• December 7, 2014


The Plaid Cymru MP, Hywel Williams, MP highlighted a glaring oversight in relation to those children who have been abused in Wales an issue which has been the subject of previous enquiry and now seems set to be the focus of a new historical abuse enquiry.

Referring to the Waterhouse Report ‘Lost in Care’ published in 2000 he said:

“There is not a single reference to the language of the children who suffered abuse or to any arrangement to ensure that they were interviewed or then supported in Welsh. To Waterhouse and his colleagues, the Welsh language simply did not exist. For me, the report failed to listen. I wrote to complain. I did not receive a reply.”

He has ensured that the issue will not be similarly disregarded by raising the issue with Home Secretary Theresa May and he intends to pursue the issue both with her and the Welsh Language Commissioner.

A report on his efforts to address this anomaly here:


The issue of historical child abuse with a time span back to the 1950s now envelops the entirety of these Islands. It occurred in children’s homes, hostels and health service institutions in Ireland (North and South), Scotland, Wales, England and the Channel Isles. Both publicly run institutions and those run by faith groups are implicated. The latest suggestions are that it also reached into the highest levels of the British government with a cover-up alleged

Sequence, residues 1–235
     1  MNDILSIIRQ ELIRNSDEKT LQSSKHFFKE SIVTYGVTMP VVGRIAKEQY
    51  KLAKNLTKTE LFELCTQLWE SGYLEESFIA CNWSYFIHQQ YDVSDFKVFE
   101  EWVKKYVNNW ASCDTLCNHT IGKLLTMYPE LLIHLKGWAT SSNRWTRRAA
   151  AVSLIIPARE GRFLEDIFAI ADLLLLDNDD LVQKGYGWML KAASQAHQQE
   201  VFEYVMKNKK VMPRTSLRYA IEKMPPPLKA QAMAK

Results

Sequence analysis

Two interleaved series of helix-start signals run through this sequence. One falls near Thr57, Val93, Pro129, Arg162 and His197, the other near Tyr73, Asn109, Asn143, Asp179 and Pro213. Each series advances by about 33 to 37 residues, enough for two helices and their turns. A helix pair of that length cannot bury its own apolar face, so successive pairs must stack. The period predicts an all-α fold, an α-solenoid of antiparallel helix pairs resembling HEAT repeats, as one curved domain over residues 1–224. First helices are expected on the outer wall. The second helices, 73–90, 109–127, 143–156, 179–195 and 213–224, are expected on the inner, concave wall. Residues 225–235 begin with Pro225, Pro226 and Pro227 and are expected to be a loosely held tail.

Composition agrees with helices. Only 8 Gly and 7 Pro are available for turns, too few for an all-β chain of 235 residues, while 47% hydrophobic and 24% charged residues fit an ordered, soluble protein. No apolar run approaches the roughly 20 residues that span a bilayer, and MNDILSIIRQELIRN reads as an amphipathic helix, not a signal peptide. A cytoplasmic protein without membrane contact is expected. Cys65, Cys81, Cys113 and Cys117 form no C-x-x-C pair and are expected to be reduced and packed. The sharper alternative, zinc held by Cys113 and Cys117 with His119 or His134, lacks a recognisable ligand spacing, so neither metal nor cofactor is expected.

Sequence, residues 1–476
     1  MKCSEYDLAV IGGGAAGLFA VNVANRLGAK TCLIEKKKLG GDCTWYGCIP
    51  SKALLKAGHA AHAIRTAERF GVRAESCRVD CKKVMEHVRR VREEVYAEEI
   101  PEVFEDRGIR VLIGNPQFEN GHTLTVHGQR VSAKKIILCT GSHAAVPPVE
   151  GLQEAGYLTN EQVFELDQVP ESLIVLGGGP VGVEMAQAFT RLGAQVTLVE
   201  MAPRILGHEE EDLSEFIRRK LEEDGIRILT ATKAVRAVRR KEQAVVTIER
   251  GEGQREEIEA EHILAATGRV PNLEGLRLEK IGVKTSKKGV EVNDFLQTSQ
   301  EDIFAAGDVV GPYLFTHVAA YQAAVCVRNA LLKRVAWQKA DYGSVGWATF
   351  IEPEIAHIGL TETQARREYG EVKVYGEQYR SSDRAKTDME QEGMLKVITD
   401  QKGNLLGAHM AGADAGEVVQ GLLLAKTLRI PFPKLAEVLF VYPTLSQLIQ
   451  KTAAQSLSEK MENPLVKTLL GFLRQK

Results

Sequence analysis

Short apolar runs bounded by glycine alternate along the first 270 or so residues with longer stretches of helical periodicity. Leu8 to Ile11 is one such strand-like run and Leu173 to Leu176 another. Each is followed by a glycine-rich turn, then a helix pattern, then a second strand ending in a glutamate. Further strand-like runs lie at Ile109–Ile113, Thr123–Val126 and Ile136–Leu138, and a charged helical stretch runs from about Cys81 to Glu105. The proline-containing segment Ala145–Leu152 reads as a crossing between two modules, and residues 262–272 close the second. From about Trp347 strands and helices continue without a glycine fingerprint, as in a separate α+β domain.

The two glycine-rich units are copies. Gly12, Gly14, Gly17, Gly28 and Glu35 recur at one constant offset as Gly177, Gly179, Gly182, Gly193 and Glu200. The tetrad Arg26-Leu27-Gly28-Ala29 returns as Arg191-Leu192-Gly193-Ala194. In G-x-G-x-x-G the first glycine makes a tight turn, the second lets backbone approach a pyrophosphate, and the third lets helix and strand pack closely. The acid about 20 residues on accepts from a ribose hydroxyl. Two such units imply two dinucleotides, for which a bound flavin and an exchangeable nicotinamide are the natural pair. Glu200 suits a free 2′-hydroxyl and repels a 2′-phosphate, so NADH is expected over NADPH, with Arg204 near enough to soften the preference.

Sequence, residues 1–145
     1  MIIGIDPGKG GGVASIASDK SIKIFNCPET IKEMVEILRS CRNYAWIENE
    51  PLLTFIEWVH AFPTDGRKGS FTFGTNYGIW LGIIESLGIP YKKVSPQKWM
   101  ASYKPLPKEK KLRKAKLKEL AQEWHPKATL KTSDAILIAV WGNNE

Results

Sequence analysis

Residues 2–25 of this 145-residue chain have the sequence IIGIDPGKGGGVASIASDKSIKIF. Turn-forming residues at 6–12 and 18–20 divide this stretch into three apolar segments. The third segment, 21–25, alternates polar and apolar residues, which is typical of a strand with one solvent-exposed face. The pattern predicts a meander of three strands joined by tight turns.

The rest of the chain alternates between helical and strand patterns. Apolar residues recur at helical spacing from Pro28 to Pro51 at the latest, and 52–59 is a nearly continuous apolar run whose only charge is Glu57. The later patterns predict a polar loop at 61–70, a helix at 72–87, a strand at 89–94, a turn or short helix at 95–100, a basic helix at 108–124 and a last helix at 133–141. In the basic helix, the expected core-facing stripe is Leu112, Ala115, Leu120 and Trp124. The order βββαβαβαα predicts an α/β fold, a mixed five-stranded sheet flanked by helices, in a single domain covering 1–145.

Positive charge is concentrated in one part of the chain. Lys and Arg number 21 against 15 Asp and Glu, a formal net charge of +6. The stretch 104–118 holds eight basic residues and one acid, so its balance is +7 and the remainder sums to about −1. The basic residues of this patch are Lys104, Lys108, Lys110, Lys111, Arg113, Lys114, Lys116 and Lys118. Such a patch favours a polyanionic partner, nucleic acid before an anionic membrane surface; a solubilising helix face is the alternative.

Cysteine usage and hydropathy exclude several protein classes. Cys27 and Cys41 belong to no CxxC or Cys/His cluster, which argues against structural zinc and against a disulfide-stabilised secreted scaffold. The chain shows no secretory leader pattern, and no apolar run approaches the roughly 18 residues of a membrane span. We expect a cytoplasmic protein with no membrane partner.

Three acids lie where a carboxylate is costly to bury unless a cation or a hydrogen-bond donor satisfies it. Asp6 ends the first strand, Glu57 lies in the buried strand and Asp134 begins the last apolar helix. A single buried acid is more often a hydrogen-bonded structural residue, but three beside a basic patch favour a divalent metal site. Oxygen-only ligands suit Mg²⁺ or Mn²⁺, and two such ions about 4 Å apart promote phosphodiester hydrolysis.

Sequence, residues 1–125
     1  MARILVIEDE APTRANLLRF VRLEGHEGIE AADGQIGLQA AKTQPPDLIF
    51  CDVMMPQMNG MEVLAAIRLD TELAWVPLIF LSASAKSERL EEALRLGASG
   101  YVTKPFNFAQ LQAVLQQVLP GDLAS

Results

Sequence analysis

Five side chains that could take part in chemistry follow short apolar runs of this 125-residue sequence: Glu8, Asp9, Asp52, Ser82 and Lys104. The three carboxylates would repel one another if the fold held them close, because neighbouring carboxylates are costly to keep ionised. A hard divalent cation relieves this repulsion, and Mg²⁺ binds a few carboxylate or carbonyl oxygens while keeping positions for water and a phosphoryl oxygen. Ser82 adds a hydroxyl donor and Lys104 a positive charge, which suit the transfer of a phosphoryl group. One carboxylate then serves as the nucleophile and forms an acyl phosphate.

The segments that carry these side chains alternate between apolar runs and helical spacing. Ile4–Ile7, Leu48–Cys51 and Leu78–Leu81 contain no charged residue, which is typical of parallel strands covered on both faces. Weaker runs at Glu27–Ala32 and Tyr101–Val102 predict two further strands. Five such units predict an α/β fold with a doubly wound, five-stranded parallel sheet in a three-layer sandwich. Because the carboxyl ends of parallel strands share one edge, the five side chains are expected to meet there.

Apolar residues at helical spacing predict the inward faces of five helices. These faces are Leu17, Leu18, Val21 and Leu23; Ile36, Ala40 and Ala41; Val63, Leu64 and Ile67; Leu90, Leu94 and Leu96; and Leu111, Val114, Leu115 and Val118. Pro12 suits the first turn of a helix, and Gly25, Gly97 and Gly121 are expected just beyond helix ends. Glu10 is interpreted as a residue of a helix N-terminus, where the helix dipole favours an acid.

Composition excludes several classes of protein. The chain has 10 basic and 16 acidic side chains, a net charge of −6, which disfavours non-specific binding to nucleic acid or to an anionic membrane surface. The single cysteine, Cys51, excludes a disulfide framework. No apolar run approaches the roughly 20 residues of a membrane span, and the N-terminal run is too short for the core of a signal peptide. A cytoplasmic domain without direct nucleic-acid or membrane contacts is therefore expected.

Strangely the Isle of Man appears to have been an ‘oasis of exemplary child care’ during those dark years.

In 2008 after the Jersey scandal unfolded we wrote to the then Chief Minister suggesting that it was often difficult for those who suffered abuse to come forward particularly when one lived in a small Island community. We suggested the government should be proactive on the issue. However the suggestion was rebutted.

J B Moffatt (Mr)
Director of Information


(Please note that replies to correspondence received by the League and posted on CL News are usually scanned hard copies. Obviously every effort is made to ensure the scanning process is accurate but sometimes errors do occur.)
The Celtic League has branches in the six Celtic Countries. It works to promote cooperation between these countries and campaigns on a broad range of political, cultural and environmental matters. It highlights human rights abuse, monitors all military activity and focuses on socio-economic issues

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